DEAR DR. FOX: In late August, we adopted a very handsome, neutered, longhaired German shepherd, Bear. He is about 5 years old and as sweet and gentle as can be.
A month or so after we got Bear, he began to whine loudly whenever we went anywhere in the truck. He willingly jumps into the truck when we are ready to go, but the whining starts before we've left the driveway. There appears to be nothing in particular that causes Bear to do this.
Since we were driving to see my mother on Christmas Eve, we got a prescription of alprazolam from his vet to try to calm him while on the road.
At 7:30 that morning, we gave him a half tablet. We left at 9. We had not gone a block before he started howling. It continued to get worse and worse until we stopped 10 minutes later and gave him the other half. We opened the window and let him hang his head outside for a few minutes -- when his head is out the window, he is 90 percent better -- but it was cold. After our experience with his behavior while under the influence of the prescription drug, we probably will not drug him again.
Today we took him to the dog park about 25 minutes away. Loud howling started immediately. For the few minutes I allowed him to have his head out the window, he was OK; when the window was closed he howled until I filled his Kong toy with treats to keep him quiet and occupied. Sometimes even when the window is open, he whines.
It appears to be an anxiety attack, but what would have brought on such behavior? Do you have any suggestions as to how we can change it? His Bark Buster trainer has no ideas. At his suggestion, we tried the Thundershirt, but it made no difference. -- C.B., Springfield, Va.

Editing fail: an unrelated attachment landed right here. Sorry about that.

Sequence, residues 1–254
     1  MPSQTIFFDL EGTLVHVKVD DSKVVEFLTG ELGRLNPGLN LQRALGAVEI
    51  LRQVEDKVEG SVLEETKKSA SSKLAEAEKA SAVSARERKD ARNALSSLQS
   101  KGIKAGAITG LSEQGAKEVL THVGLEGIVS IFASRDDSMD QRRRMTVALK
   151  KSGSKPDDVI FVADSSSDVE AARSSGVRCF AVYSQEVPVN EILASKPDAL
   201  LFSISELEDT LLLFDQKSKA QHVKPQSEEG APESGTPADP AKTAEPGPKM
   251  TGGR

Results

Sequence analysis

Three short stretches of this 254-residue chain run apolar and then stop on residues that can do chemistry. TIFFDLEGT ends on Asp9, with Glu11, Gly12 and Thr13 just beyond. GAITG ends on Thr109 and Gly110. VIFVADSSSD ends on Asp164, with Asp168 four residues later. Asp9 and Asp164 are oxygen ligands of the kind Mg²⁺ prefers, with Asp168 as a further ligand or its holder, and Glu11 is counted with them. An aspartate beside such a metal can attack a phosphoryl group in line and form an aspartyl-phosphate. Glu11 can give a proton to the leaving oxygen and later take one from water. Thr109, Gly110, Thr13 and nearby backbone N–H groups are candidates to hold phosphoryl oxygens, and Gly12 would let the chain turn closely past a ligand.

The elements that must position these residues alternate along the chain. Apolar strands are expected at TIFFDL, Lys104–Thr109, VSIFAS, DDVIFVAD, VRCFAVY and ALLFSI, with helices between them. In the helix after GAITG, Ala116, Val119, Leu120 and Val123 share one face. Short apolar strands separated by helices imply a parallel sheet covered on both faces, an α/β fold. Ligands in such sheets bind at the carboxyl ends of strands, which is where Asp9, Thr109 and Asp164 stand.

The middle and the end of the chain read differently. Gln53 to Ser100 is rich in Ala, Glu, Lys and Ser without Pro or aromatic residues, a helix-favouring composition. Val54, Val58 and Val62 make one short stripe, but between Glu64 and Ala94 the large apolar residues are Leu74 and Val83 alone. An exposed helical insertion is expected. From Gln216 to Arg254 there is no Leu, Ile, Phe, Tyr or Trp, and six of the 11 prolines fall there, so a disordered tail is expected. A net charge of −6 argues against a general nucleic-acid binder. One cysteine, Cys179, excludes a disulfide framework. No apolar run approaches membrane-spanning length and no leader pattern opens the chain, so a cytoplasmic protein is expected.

DEAR C.B.: Your dog is probably suffering from a combination of anxiety and excitement.
Alprazolam is a potent anti-anxiety drug, effective for many dogs who are afraid of fireworks or have developed specific phobias. But the effective dose for many dogs can make them groggy and uncoordinated, which can have the effect of making the dog more fearful, possibly because they feel more vulnerable.
Many dogs benefit from wearing a bandanna imbued with a few drops of lavender oil around the neck.
Since getting treats out of his Kong works briefly, fill it with peanut butter and freeze it so it will last longer. Get two or three for a longer drive, and store them in a cooler. Try giving him a Nylabone. For motion sickness, a big piece of ginger candy can provide relief.
(Send all mail to email@example.com or to Dr. Michael Fox in care of Universal Uclick, 1130 Walnut St., Kansas City, MO 64106. The volume of mail received prohibits personal replies, but questions and comments of general interest will be discussed in future columns.
Visit Dr. Fox's website at www.twobitdog.com/DrFox.)
DEAR DR. FOX: I'm concerned about the recent experience I had with a sick cat. There doesn't seem to be any palliative care for pets the way there is for humans who are suffering, and I don't understand why that is.